The expression Twitch factor is most commonly associated with arcade games. It describes the level of action that a game provides: the more frenetic the game, the greater its twitch factor. In this month’s installment of The Game Room, we’ll be discussing two new titles that unquestionably have heart-poundingly high twitch factors — Deimos Rising, from Ambrosia Software, and Spider-Man, from Aspyr Media.
David Wareing has once again joined forces with Ambrosia Software to create a twitch masterpiece: Deimos Rising, the long-awaited sequel to Mars Rising. Inspired by classic coin-op arcade games of the 1980s, Deimos Rising is a futuristic shooter that puts you in the cockpit of an assault fighter as you fight to quell a rebellion that has broken out on the terraformed Martian moon Deimos. That’s all the pretext you’ll need, because when you’re playing Deimos Rising, it’s all about the action.
This title harks back to the days when arcade games cost a quarter. Waves of enemy ships assault you from the air while ground installations such as cannons and tanks fire at you. Successfully vaporizing your enemies generates goodies, which you collect for point bonuses, shield power-ups, bonus multipliers, and more.
Because Mars Rising is a Mac-game classic, Deimos Rising had big shoes to fill. This game is more difficult than its predecessor, as it was developed to appeal to Mars Rising veterans. Its challenging learning curve can even lead to frustration: ground targets are tougher to take out, and enemy aircraft are more aggressive.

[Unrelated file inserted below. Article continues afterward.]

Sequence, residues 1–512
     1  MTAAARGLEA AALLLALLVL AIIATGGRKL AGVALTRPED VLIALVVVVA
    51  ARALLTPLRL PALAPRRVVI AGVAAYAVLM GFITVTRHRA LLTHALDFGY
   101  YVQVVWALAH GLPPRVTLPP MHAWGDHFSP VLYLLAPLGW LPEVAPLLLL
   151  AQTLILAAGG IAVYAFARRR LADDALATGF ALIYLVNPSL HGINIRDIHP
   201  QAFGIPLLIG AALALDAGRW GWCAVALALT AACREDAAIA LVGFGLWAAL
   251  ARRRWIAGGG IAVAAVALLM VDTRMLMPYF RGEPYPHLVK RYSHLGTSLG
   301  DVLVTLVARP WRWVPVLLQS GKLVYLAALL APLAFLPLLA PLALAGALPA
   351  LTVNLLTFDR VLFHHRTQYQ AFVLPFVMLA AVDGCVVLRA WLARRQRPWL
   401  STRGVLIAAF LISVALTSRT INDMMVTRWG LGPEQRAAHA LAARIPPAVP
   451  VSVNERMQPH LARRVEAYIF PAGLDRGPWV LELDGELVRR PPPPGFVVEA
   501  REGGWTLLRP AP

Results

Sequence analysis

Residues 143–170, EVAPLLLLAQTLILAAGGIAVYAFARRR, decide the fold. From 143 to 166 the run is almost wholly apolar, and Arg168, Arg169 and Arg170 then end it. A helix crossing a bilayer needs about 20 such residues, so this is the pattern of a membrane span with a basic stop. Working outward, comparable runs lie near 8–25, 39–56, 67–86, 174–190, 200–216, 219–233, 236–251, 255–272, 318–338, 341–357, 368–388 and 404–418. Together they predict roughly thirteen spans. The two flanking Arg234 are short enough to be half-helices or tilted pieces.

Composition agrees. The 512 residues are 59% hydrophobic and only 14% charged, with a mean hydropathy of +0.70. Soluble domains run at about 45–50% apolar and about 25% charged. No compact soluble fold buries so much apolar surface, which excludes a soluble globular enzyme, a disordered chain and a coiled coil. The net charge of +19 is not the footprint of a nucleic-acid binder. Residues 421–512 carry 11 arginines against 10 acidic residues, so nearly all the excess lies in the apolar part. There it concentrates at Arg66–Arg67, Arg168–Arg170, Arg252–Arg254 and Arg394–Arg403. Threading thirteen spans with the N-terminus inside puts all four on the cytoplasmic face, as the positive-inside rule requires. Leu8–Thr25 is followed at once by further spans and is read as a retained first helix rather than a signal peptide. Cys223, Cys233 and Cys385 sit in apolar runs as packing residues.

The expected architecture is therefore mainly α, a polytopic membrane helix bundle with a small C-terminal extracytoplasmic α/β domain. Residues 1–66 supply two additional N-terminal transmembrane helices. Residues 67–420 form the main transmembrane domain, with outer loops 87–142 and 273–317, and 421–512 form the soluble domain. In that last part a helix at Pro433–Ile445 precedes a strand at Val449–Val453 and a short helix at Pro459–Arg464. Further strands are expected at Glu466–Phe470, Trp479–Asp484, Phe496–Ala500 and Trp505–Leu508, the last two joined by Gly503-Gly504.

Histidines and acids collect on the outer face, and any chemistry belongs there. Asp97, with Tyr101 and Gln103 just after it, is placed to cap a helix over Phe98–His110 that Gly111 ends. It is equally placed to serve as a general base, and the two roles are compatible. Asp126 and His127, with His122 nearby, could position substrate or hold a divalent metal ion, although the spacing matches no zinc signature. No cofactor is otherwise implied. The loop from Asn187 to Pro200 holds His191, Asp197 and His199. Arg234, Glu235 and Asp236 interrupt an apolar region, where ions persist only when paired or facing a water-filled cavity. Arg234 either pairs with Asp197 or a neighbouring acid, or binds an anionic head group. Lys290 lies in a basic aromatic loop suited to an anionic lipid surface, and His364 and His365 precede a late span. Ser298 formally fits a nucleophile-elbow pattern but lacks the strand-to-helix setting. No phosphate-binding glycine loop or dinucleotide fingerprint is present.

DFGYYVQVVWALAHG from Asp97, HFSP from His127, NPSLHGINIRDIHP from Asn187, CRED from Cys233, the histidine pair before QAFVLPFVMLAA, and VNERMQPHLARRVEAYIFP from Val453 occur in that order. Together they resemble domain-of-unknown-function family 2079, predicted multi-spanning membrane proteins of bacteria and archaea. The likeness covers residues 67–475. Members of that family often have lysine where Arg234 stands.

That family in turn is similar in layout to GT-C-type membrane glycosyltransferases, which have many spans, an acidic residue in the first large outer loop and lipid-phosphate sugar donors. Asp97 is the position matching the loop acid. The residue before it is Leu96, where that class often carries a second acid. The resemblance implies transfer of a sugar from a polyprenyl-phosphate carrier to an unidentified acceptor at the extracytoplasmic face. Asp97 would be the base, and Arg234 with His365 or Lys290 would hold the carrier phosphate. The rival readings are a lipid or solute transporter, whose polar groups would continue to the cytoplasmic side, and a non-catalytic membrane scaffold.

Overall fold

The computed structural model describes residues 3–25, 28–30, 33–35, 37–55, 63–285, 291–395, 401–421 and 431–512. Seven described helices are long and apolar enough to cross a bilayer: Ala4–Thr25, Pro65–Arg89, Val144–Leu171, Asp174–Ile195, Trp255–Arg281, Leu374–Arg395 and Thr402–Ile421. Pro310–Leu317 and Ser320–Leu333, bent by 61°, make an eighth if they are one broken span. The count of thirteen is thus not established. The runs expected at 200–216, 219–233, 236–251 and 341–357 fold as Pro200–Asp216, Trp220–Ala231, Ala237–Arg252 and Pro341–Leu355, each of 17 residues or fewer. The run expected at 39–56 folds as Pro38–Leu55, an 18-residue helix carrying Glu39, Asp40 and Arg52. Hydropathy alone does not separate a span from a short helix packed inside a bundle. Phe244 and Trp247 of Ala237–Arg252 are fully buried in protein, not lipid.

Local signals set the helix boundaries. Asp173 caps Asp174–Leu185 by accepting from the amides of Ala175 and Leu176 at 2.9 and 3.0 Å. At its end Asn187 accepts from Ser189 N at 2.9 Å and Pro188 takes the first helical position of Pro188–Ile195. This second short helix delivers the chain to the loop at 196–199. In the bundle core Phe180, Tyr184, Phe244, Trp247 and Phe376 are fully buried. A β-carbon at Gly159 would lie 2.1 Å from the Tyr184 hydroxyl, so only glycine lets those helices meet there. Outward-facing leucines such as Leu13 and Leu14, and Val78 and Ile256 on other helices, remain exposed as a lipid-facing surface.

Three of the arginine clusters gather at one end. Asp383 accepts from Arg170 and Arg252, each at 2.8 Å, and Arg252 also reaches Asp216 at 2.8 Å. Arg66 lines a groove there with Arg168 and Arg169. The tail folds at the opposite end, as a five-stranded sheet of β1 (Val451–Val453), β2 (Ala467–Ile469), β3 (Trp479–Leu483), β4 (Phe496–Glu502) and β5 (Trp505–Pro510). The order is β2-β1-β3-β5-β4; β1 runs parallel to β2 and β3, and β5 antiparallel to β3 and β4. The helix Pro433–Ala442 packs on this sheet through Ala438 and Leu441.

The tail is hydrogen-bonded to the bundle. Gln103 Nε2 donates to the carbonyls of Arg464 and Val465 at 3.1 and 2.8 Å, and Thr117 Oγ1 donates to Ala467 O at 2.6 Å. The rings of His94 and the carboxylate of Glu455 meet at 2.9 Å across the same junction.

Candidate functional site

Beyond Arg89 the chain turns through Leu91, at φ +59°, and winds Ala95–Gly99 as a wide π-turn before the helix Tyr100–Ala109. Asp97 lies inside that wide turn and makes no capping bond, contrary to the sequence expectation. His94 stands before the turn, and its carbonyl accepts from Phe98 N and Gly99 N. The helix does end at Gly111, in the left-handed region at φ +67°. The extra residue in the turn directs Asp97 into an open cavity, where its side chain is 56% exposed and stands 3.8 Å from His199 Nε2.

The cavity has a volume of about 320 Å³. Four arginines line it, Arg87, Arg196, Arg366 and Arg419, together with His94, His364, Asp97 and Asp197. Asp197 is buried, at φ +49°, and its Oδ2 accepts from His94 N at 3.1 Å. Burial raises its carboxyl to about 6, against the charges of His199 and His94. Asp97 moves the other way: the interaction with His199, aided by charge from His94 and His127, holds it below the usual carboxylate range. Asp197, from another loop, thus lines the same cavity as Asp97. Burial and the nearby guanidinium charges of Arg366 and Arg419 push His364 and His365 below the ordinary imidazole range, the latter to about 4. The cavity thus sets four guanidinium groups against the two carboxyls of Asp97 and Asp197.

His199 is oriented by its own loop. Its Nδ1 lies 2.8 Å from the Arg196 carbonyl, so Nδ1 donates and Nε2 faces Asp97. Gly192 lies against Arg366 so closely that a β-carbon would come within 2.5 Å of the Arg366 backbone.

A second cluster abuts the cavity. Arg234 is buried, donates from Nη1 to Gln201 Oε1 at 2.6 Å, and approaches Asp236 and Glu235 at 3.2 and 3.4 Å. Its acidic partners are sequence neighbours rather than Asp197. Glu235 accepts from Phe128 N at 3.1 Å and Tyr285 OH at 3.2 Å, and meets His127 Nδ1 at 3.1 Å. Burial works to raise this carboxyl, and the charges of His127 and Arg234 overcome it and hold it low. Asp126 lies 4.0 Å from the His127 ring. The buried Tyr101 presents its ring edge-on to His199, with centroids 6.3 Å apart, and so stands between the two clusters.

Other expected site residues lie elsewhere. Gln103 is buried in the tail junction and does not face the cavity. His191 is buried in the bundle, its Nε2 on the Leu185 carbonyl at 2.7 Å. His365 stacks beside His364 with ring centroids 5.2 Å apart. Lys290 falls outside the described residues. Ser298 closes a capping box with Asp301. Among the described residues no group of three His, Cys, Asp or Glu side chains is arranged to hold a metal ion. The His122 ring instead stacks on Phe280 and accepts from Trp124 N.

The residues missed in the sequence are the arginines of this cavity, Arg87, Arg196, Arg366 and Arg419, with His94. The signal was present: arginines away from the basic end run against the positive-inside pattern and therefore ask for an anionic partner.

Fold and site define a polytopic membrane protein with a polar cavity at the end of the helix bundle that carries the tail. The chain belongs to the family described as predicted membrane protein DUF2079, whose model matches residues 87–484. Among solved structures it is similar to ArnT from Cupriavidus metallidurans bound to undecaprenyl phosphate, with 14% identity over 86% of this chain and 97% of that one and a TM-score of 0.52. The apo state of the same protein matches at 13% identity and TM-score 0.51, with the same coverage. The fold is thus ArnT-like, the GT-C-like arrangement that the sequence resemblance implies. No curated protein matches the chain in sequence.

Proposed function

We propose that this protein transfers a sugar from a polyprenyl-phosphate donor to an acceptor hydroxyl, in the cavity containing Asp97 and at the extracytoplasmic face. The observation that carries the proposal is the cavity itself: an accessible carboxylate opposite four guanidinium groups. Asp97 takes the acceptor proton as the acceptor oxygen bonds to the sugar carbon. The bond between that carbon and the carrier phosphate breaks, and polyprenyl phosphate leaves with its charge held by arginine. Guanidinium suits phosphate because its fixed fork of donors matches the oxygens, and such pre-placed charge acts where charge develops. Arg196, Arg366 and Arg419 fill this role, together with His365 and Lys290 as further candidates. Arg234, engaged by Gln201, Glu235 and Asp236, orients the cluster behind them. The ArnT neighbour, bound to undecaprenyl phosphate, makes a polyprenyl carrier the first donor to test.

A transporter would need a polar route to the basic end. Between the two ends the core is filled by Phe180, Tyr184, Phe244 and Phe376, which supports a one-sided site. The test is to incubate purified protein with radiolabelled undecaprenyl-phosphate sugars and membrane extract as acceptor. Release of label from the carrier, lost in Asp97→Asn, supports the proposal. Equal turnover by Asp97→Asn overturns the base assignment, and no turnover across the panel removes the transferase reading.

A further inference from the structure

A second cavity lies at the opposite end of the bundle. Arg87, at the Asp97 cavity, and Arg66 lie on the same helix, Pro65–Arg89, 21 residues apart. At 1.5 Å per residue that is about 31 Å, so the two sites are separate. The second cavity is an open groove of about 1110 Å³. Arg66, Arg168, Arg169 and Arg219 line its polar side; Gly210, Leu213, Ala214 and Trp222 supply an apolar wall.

Deimos Rising has better graphics than Mars Rising, and the action is as smooth as silk. Each new level equips your craft with new arrays of offensive and defensive hardware to help keep the wolves at bay.
You can play new games at the start of whatever level you last completed, but there’s a catch: you’ll start that level with only a single ship. To start with a full set of ships, you have to play from the beginning. Such a limitation seems unnecessary outside of an arcade, but the challenge helps make the game last longer. Perhaps some folks will feel they get more for their money that way.
The game’s two-player mode lets you and a friend blast away at Deimos’s rebels from the controls of one Mac. You and your wingperson can use either different areas of the keyboard or different game controllers. Mac OS X doesn’t support game pads natively, though you can get one to work with a third-party utility such as CarvWare’s GamePad Companion (http://www.carvware.com).